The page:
As I’m sure you’ve heard, baby walkers may cause some developmental delays – but is this true?

 

One research paper found that the use of a baby walker is connected to the motor development of your baby. This study found that babies who used a walker were 3 times more likely to not crawl than those who did not use a baby walker. Remember, crawling is incredibly important for linking the right side of the brain with the left – something that really helps with hand eye coordination later on in life.

 

Another study found they possibly delay walking by at least two weeks. This being said, how long the walker is used at a time makes a huge difference - for every 24 hours your baby spends in a baby walker they may learn to walk three days later and to stand four days later than they would have. 

 

It has also been reported that babies who used a walker took longer to develop their way of walking and walking posture. This poor posture and way of walking can cause issues like knock knee and flat foot, which have many long-term implications on that person when they are older.

 

Safety considerations when using a baby walker

 

According to one study an estimated 230 676 children under the age of 15 months old were treated for baby walker–related injuries in emergency departments in the United states from 1990 to 2014. 90.6% of these children sustained head or neck injuries and 74.1% were injured by falling down the stairs in an baby walker. Among the babies who were admitted to the hospital 37.8% had a skull fracture.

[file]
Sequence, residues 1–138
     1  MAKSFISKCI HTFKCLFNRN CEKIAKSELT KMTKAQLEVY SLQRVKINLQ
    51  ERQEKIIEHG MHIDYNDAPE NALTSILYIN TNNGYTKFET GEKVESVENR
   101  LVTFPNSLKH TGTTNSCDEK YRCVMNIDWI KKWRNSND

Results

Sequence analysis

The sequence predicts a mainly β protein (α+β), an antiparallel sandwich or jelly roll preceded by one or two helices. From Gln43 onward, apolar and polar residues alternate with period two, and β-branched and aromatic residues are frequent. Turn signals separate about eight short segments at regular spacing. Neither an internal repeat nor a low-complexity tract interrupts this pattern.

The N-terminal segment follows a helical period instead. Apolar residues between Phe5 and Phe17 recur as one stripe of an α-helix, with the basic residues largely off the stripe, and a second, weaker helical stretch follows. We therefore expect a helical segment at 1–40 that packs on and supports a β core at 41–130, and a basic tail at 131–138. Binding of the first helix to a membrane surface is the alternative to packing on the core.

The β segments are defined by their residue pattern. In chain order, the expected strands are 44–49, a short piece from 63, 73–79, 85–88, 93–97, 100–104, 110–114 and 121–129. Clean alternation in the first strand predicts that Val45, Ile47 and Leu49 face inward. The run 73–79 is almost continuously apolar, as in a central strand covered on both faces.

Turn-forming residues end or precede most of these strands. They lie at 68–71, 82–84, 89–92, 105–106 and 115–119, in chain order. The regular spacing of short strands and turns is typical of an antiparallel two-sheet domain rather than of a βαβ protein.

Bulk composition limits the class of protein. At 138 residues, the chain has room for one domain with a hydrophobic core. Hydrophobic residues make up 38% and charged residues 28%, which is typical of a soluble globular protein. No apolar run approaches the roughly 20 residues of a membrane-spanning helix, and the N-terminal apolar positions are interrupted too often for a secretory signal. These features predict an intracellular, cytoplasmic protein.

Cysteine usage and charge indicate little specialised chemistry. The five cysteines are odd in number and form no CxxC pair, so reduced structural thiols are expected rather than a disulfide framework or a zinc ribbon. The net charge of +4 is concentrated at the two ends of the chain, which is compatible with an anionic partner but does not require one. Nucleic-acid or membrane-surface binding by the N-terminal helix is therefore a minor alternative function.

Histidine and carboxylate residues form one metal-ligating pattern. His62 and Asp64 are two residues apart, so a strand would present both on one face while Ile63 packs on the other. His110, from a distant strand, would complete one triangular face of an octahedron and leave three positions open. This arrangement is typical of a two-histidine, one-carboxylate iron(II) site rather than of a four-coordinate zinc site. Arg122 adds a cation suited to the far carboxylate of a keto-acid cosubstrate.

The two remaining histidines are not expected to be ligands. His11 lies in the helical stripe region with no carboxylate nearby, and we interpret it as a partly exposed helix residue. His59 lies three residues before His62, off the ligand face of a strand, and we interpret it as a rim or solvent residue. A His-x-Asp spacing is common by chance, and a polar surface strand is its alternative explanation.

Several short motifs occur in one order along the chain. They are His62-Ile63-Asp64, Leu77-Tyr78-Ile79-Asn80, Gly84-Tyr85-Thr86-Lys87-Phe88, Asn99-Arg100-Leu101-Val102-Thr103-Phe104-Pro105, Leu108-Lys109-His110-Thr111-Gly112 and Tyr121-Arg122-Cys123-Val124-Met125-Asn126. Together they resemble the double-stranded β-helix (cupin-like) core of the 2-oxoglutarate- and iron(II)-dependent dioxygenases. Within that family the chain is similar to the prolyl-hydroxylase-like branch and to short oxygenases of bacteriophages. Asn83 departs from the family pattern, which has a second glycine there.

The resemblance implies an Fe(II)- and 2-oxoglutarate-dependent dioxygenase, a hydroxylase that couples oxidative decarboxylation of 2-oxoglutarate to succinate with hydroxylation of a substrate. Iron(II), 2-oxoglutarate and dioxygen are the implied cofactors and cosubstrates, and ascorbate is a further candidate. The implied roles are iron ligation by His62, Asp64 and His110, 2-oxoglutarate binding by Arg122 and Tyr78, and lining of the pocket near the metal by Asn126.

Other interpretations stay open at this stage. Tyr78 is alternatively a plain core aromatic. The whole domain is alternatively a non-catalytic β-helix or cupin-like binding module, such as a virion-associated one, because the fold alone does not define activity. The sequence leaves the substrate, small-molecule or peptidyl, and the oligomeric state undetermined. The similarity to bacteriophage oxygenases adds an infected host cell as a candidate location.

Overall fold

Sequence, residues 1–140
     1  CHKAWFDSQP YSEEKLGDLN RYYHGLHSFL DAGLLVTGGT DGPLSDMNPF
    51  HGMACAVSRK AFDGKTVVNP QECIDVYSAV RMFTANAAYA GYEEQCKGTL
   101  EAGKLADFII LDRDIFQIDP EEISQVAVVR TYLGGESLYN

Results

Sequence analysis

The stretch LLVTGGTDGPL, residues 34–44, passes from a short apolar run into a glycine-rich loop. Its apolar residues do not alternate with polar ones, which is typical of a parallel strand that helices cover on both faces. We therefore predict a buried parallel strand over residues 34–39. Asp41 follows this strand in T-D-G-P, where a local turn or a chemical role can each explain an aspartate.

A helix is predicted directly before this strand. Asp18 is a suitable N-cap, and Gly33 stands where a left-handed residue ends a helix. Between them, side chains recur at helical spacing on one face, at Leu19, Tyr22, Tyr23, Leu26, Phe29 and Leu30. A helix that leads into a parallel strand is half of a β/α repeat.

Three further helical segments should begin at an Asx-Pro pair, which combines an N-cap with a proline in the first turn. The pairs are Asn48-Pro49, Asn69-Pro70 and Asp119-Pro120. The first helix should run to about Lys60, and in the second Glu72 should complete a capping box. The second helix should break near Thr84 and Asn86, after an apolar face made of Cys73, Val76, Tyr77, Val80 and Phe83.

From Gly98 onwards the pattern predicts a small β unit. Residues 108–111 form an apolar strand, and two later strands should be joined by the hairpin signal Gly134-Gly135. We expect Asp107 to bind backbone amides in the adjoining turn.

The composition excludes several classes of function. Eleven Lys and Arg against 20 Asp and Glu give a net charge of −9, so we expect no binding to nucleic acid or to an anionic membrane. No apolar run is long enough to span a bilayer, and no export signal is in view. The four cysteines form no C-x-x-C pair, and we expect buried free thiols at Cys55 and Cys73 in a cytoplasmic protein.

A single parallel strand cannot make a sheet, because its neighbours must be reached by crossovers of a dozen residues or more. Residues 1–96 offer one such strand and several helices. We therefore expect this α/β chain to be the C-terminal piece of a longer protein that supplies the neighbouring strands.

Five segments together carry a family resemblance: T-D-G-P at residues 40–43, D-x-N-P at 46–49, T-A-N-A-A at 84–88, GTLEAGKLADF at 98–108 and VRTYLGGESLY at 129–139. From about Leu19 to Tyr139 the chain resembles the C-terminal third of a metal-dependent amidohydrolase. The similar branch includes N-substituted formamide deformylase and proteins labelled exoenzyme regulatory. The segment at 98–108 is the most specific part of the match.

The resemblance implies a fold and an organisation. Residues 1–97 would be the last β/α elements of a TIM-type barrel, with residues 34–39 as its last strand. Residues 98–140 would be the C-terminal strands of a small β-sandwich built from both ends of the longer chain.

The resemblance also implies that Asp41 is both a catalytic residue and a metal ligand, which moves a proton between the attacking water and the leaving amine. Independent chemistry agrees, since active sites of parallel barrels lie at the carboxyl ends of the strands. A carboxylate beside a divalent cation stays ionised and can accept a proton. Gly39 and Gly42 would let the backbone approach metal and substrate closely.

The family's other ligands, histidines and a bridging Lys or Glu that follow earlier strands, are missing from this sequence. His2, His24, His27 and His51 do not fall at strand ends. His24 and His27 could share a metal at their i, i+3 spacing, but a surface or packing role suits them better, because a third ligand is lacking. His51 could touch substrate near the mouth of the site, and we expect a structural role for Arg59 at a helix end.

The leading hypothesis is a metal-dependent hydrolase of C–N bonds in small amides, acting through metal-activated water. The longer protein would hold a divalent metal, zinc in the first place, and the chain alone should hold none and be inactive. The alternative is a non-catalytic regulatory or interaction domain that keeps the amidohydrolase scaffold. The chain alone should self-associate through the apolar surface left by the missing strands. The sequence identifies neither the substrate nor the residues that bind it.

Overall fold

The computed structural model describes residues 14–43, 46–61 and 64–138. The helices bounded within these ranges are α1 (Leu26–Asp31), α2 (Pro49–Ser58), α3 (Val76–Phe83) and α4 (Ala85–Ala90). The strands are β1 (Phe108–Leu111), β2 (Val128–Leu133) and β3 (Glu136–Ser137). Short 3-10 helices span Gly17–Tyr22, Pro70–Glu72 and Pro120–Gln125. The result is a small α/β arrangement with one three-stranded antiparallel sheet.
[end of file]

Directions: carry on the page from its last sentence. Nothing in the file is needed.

These are some scary numbers. So how do we keep our children in walkers safe?

 

  • Only use the walker on flat, stable surfaces. Try to avoid paved or outside areas when your baby is in the walker.

  • Make sure you have baby locking gates, like this one at the top and bottom of all stairs.

  • Make sure you remove all dangerous objects from the area where your baby is walking. These could include loose and heavy objects or sharp objects.

  • Never leave your baby to walk around unattended, in their walker.

  • Consider using something such as a push toy instead.

 

Baby walker alternatives

 

Luckily for us there are many safer and better alternatives to baby walkers.

 

The first is tummy time (again another topic for another post). In short, though, tummy time is the best activity for your little one to develop the muscles of their neck, back and core. Doing plenty of tummy time will have them up and moving in no time at all.

 

Another great alternative is caregiver assisted walking or walking with a push toy – both of which are safer and encourage better muscle development for walking.

 

I know neither of these provide you with a simple solution to hands free time,  but at the end of the day the most important thing is baby safety and development.


Baby with a push toy
Via: https://www.istockphoto.com/

In conclusion, the choice is yours. Your baby will probably walk whether or not you use a baby walker. I encourage you to carefully consider the pros and cons of baby walker use. Don’t be afraid to engage in these conversations; ask your pead, physiotherapist or your baby’s teacher. Find out all you can and then decide for yourself if this is something that you want to do or not. No matter your decision , you’re still an absolute star parent – so keep it up!